Mirror of Wrongdoing

Recently, my dad had a falling out with a long-time friend.


He’s not entirely sure what caused it, but he suspects that a comment he made one morning over breakfast hurt his friend’s feelings. Dad tried for several weeks to get in touch with his friend, sending texts, leaving messages, even asking mutual acquaintances if they knew anything about his friend.

That was a couple months ago. Dad hasn’t heard a word from his friend since.

I think several of us in my family were a little angry on his behalf, angry that this friendship of so many years ended without even an explanation. But Dad was mostly sad. I asked him a couple weeks after it happened how he was doing. I’ll never forget how he responded.

“Dad hasn’t heard a word from his friend since.”

He was upset. He wished his friend would at least respond and say what had bothered him. “But you know,” he told me, “I’ve probably done the same thing to someone else before.”

He recalled another friend who went to the church that we attended before moving to Grace, someone he had cared about and respected. He wished that, instead of leaving so abruptly, he had taken the time to go to that person and explain why we had decided not to stay.

It might have been the most humble, self-reflective response to an injury that I’ve ever heard. He didn’t deny his own pain, but instead of becoming bitter about the wrong done to him, he used it as an opportunity to examine himself, to hold the mirror of wrongdoing up to his own life.

My dad’s response was poignant to me because it wasn’t typical. Even as Christians, we’re slow to see our own sin in the wrongs done to us; we only see others’ sin. And this instinct to see ourselves as wounded instead of wounders is spiritually hereditary. It’s all throughout the Bible: Peter’s hurt response to Jesus’ threefold “Do you love me?”; David’s anger at Nathan’s tale of the thieving rich man; Jacob’s shock at his uncle’s deception; Adam’s finger-pointing to Eve at the Lord’s questioning.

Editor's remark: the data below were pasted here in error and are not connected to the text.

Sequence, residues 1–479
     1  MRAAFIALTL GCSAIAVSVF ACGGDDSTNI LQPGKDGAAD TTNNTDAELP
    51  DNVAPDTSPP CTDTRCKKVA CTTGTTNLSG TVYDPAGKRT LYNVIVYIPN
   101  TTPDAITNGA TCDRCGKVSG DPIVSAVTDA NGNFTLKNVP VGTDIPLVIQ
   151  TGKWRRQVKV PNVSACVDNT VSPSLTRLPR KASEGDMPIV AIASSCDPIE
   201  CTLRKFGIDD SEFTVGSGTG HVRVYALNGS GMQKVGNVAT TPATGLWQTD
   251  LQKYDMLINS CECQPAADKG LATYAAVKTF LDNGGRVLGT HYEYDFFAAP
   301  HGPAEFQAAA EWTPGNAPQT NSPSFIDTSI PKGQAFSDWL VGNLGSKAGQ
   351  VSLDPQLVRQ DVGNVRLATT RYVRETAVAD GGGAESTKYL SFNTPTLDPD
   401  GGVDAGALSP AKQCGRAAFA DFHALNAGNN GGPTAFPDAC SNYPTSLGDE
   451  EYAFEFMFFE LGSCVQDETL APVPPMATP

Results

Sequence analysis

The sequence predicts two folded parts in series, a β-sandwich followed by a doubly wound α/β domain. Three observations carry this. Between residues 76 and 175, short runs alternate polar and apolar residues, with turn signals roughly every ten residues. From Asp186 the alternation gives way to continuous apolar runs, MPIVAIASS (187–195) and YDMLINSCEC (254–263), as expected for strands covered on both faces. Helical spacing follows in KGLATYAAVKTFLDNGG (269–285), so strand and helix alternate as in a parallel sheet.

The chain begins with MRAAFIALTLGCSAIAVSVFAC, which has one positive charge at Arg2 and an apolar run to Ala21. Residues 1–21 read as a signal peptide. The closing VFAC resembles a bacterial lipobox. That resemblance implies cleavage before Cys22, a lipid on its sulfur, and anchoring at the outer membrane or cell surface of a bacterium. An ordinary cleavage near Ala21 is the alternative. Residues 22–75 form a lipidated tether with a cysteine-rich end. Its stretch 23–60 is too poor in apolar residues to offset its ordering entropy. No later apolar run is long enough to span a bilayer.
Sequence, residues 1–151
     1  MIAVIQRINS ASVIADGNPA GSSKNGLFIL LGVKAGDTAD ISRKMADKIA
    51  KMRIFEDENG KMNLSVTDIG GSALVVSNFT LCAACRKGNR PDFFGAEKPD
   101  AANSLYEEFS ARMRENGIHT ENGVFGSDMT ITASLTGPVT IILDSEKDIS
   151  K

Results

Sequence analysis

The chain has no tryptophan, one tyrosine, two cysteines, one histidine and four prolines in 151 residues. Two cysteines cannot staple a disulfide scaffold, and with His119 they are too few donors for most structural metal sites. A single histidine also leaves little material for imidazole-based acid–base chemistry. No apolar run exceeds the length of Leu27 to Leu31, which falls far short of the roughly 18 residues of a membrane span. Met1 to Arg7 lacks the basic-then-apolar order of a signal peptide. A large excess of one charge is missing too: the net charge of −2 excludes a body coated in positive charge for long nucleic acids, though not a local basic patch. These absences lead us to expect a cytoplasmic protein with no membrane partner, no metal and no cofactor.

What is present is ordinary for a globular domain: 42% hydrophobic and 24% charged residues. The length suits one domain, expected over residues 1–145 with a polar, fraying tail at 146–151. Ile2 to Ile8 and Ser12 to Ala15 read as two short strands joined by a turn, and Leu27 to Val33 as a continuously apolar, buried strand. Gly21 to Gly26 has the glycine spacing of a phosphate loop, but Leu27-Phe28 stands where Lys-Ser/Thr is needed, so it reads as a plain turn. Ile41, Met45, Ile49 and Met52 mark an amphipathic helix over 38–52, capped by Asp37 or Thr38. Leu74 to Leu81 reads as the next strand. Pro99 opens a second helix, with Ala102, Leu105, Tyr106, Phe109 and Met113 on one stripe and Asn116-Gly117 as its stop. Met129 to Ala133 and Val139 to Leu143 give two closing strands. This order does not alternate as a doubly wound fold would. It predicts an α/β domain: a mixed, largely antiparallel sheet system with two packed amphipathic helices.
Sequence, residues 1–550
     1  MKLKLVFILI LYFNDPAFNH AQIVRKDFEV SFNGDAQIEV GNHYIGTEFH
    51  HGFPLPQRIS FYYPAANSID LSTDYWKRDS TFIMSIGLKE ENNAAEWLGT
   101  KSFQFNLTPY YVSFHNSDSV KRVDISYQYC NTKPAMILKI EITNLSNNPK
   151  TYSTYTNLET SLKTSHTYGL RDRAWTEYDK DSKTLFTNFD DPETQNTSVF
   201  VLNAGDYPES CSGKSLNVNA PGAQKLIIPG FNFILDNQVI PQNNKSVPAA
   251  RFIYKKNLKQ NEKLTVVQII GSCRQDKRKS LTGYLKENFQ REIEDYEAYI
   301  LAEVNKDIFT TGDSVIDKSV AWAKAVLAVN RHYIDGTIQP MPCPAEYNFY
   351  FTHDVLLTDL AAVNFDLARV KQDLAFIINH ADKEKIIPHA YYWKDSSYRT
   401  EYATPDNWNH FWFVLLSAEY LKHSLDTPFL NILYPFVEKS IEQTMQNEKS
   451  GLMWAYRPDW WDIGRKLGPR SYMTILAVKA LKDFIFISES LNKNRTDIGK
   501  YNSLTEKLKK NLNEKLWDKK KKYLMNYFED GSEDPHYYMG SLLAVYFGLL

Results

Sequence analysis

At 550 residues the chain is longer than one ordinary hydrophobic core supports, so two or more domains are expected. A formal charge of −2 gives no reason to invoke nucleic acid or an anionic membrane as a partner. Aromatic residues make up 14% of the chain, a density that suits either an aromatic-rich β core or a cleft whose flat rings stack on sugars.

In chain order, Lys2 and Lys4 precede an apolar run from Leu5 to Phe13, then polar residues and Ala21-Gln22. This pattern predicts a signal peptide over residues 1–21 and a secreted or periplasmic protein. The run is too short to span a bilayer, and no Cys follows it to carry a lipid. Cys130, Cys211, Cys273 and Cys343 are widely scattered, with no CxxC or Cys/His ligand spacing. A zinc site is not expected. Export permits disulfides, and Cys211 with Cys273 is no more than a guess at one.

“He didn’t deny his own pain, but instead of becoming bitter about the wrong done to him, he used it as an opportunity to examine himself, to hold the mirror of wrongdoing up to his own life.”

I am no better. For example (and there are plenty of examples), punctuality and reliability are important characteristics to me, so when others come in late to meetings or don’t arrive when they say they will, whatever the reason, I take it as a personal offense. But just sitting here, thinking about it, I could count on a least one hand—probably two—the times that I’ve come into a meeting late, had to postpone or cancel, and even, on one occasion, neglected to show up entirely. I’m quick to assume character flaws in others for tardiness, but I expect grace when it’s me who is strolling in late. Talk about a character flaw.

I have wondered if, in those seven extra years that he had to work for Rachel, Jacob ever thought, “This must be what I put Esau through when I deceived him.” We may never know what was going on in Jacob’s heart during that time, but that isn’t really our concern. The question is, will we learn the lesson that God was trying to teach Jacob, namely, that we are quick to point out the hurt caused by others while ignoring the hurt we have caused. I think my dad learned that lesson. I hope that it won’t take too many wounds for me to learn it also.

Sarah LaCourse

Sarah LaCourse has minimal talent in a few areas—writing, art, singing, DIYing— and exceptional talent in one area: thrifting. She loves having been raised in Greenville with her incredible family and wonderful friends and hopes to live here for a long time. She is the Student Ministry Administrator at our Pelham campus.